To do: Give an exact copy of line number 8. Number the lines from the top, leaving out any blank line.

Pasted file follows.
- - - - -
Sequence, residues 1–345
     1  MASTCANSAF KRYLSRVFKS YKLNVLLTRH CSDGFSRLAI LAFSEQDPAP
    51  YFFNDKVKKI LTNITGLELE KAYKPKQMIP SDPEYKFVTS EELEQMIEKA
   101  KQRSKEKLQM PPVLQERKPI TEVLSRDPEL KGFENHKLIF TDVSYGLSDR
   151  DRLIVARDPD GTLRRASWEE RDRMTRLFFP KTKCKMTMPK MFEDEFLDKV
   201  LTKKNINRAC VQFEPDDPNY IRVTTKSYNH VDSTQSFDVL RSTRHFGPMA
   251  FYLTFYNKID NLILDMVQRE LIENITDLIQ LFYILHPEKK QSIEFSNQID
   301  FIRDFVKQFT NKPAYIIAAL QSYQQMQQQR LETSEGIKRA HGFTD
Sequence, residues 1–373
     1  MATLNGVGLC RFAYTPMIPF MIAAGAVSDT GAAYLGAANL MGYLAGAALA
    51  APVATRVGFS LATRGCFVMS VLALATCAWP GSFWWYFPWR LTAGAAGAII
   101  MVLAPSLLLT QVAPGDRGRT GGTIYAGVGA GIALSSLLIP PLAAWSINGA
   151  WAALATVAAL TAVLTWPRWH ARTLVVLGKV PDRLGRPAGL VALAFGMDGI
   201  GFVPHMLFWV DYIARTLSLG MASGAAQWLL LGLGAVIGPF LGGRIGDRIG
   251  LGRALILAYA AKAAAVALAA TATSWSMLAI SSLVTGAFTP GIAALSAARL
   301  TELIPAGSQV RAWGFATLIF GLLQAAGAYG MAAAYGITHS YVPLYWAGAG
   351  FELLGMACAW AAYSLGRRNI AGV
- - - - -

   301  FIRDFVKQFT NKPAYIIAAL QSYQQMQQQR LETSEGIKRA HGFTD